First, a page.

There is no way to avoid the destruction of meaningful symbols. Human freedom is not freedom from destruction but freedom to re-create in the wake of destruction. This is why the Eliadean cyclical history, depending on periodic returns to the primordial chaos for the substance of new being, can be more meaningful than the linear history of the Judeo-Christian paradigm and more suitable to this theory of worship. The crucifixion/resurrection theme is played out over and over in the Eliadean schema, while in the Christian version it is understood to have happened once and for all, with reverberating consequences which we remember and act out cyclically through the calendar year and solar day. Thus Christians can claim to have the “only” true version.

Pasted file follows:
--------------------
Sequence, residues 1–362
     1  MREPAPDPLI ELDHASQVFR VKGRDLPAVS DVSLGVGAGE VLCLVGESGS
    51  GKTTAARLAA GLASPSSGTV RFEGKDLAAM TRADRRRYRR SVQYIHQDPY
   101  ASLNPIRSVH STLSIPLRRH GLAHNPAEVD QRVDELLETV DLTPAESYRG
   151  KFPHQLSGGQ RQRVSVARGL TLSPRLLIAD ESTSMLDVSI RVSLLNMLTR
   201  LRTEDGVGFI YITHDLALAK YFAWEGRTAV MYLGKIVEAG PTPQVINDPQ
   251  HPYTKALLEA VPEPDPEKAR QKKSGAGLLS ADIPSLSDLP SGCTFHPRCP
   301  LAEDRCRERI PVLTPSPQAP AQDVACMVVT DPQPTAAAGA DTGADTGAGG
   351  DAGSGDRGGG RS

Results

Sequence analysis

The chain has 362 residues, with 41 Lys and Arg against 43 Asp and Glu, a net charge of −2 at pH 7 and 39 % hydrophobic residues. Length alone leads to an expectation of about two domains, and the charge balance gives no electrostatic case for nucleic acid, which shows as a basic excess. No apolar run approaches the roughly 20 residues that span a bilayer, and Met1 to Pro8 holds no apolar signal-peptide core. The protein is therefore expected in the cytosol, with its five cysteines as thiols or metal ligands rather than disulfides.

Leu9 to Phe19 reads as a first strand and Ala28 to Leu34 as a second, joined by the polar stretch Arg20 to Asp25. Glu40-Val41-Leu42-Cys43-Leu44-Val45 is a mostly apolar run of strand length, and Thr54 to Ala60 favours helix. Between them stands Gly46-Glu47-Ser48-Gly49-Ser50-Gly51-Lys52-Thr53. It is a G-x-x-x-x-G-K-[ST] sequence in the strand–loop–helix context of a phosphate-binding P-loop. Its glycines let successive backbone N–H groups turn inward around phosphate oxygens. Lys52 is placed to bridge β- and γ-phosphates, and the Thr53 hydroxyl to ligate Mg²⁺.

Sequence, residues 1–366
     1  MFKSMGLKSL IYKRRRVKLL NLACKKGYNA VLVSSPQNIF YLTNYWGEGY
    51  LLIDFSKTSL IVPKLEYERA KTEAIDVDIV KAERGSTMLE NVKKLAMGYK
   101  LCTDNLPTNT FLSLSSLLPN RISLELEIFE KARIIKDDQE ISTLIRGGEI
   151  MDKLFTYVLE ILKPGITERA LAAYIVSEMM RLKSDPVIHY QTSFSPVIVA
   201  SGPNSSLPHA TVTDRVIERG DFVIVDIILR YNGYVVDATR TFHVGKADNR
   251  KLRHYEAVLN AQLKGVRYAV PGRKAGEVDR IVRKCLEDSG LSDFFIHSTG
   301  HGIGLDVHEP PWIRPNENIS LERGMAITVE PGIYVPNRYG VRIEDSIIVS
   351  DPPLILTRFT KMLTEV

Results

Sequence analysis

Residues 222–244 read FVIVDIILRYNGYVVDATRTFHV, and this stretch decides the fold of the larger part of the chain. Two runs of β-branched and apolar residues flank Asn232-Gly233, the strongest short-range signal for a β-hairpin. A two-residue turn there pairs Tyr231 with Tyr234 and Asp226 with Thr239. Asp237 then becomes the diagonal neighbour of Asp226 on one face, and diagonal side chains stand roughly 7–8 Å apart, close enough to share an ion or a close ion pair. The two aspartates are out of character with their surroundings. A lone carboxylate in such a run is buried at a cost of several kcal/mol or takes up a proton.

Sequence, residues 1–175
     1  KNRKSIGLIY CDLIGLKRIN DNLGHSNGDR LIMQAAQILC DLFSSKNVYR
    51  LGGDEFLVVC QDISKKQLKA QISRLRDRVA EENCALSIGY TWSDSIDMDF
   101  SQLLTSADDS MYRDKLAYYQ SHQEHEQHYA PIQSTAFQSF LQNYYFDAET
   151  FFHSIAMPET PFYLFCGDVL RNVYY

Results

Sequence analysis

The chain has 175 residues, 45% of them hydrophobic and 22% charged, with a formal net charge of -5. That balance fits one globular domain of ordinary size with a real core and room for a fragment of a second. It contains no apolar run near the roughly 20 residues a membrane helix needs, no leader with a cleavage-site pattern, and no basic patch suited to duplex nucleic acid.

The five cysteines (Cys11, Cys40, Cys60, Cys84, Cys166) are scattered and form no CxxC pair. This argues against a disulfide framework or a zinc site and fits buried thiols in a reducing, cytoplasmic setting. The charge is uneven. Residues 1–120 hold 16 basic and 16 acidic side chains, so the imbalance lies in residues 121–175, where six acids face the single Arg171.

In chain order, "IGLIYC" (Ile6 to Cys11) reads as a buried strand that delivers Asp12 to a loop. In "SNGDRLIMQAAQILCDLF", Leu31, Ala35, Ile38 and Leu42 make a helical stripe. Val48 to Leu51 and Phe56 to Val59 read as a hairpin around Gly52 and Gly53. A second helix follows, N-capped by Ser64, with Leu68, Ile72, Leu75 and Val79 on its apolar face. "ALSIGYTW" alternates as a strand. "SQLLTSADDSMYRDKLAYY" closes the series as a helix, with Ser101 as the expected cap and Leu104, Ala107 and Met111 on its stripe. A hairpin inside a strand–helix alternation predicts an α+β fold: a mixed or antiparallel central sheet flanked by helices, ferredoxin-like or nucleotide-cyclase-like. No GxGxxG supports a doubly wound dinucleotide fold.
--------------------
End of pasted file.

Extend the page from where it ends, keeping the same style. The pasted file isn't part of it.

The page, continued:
And so, these young Christian men, stranded in liminality between life and death, paused at twilight to pray to the Mother of God, who was present at both Nativity and Pieta, those echoing tableaus, so omnipresent in our culture. As the weeks passed, the little band of survivors held onto their natural merging of personal and cultural metaphors for salvation. In the face of the great hostile sheets of snow that threatened to bury them in smothering avalanches, the most comforting image was the mother coming at bedtime to tuck them into a warm safe bed. Until she died in one of those avalanches, the lone female survivor did her best to act as mother, comforting the younger boys. The longing for that enfoldment as they propped themselves contortedly against the jumble of plane wreckage, trying futilely to make broken legs and infected wounds more comfortable, must have been as vivid as any mystic vision of paradise. As Willard Sperry pointed out, evening is the most naturally structured time for worship and in this case the content was supplied by a Catholic heritage and loving families. The source of the content of worship is always between culture and personality.